Celebrating Sales Professionals this Fourth of July


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I have a list of blog topics that I work from each week. If you’ve been following me, you know it includes topics like forecasting, sales process, sales management and coaching. So, as usual, I referred to this trusty document this morning for direction and inspiration. I see the words, “4th of July related content.” I stared at my monitor, then back at the topic, then back at my monitor.

The Fourth of July, 1776. Independence. Freedom.

I thought of writing a blog about sales giving you the “freedom and independence” to make more money. Then I thought of all the readers who may have commission caps. So I ditched that and moved on to the idea that selling allows you the freedom and independence to set your own schedule. Then I thought about how some readers may feel more shackled by meetings and administrative duties than ever before. Forget that.

I hit a dead-end with every analogy. If it had been the 1960s or 70s, there would have been a huge trashcan of balled up paper next to my typewriter. I thanked the heavens for a backspace key. Hmmm. Then it hit me. Had it been the 1960s or 70s…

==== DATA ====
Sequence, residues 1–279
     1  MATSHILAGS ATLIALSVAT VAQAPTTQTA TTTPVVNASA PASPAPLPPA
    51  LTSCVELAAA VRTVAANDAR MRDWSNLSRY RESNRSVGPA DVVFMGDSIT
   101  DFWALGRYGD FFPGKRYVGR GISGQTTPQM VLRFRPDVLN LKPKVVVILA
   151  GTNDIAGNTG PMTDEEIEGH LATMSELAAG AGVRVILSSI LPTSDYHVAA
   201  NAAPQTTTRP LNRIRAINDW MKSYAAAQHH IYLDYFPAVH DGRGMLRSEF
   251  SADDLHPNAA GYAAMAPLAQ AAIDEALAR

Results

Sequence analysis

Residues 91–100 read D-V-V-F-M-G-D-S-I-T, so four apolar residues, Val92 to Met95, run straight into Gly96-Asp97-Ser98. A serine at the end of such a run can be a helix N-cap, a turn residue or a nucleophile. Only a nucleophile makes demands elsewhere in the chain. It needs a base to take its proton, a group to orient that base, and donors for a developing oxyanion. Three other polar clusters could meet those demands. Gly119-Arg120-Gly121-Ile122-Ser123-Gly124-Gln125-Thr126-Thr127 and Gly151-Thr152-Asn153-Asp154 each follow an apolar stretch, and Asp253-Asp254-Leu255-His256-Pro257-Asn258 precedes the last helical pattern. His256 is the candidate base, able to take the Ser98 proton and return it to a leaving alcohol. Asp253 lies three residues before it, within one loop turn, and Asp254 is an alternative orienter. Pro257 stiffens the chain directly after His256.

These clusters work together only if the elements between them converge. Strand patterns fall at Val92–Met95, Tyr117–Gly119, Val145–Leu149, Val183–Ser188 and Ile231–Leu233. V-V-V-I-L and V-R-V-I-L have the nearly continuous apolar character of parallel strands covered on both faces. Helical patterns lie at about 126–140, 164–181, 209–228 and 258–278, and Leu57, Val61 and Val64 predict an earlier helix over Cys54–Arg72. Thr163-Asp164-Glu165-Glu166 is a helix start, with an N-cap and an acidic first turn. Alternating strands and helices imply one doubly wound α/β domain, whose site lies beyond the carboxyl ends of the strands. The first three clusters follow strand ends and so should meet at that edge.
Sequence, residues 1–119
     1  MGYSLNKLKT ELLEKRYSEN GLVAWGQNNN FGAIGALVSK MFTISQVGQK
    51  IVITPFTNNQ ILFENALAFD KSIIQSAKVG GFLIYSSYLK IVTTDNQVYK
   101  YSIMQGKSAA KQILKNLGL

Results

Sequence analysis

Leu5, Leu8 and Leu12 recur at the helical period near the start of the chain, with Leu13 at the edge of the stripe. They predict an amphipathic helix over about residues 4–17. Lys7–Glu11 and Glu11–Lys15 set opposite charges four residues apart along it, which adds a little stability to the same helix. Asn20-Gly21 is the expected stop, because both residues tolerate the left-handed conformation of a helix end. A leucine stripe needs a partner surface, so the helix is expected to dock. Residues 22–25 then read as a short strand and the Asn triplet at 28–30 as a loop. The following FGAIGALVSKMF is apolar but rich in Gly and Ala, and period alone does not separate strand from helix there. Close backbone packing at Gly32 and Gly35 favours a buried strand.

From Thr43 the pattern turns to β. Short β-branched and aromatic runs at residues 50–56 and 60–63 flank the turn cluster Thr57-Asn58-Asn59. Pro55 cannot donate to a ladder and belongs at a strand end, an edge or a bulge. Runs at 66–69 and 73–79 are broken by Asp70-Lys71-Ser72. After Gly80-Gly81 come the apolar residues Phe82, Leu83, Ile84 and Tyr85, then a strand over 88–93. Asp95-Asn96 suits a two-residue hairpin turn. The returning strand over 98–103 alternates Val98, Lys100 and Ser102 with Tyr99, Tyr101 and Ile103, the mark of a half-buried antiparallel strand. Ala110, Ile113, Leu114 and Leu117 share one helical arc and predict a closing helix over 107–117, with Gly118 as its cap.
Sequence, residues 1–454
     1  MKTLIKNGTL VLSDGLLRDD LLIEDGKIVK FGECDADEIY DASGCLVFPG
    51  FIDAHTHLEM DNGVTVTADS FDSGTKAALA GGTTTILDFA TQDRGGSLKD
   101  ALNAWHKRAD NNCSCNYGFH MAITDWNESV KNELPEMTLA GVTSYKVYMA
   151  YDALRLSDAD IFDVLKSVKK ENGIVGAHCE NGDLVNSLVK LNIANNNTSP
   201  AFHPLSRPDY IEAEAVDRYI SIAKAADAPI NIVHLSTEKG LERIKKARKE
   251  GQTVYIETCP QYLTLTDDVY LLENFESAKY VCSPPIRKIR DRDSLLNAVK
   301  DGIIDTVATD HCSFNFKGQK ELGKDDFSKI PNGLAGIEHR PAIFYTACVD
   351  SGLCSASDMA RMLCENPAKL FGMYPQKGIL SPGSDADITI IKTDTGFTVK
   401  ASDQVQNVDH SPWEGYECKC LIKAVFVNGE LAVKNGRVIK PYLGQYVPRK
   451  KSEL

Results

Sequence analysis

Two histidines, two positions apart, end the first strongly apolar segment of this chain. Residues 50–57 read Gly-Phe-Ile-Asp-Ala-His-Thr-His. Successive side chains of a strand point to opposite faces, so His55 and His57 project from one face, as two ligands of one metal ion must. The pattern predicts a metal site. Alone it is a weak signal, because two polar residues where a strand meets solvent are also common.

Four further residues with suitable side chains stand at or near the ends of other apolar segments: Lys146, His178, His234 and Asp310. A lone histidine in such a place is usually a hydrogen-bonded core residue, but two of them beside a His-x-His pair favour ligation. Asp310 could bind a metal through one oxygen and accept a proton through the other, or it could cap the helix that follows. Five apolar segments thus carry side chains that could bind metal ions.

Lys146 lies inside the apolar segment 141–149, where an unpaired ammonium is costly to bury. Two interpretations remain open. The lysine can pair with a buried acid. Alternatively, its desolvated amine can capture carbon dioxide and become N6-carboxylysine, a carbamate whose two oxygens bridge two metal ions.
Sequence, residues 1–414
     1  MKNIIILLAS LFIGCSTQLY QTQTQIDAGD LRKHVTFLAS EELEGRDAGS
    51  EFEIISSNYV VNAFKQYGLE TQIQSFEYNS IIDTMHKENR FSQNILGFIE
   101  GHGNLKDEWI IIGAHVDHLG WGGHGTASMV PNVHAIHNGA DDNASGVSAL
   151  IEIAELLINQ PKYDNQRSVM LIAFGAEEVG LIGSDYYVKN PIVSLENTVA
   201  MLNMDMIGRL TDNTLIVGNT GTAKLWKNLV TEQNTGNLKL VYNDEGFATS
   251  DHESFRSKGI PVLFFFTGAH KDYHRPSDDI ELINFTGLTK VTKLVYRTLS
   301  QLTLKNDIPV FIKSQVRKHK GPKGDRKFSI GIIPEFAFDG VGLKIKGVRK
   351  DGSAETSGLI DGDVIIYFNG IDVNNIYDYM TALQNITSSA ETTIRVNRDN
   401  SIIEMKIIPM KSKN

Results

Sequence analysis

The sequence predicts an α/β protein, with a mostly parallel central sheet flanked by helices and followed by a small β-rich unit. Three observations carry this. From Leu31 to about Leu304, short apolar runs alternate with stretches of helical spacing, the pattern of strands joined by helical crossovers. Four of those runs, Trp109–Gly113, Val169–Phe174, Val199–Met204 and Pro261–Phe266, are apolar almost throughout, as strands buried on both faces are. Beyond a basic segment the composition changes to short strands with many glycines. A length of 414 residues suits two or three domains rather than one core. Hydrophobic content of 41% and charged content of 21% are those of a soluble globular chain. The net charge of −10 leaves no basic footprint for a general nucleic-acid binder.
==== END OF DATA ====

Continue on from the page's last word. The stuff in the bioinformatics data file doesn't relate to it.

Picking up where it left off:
I’ve been doing a ton of research on the evolution of selling for an upcoming white paper. What I’ve found is shocking, even for a 35-year veteran of the selling profession. As shocking to me as, when considered, just how young the USA is. In just 237 years, this country has transitioned from a group of disrespected rebels to a globally dominant powerhouse. How incredible!

And how similar to the modern-day sales profession.

You see, prior to the early 1800’s and the industrial revolution, small businesses were the driving force behind the economy. As well as most other business functions, selling was the responsibility of a business owner. Their over-riding concern was to meet the demand of the consumer. Business was order driven.

In the rare cases of over-production (order cancellation or proprietor speculation), goods were sold or bartered to traveling traders. These peddlers traveled by foot, horse, or wagon to sell goods in remote areas. Their sales approach was very straightforward. As they traveled, they simply called out what goods were available. Consumers would stop them and buy or trade if the peddler had something that met a need.

From the late 1700s to around 1840, the Industrial Revolution marked a major historical turning point for businesses and consumers. Driven by the availability of more efficient power, as well as the introduction of machine tools, meant a transition from hand-made goods at low-volume, to mass manufacturing at incredibly high volumes.

Many believe this also marked the beginning of modern day selling. Companies were now able to mass-produce millions of different products. Unlike the days of small local proprietors, local buyers could no longer consume what was being produced. Businesses were now faced with selling excess inventory, and a lot of it.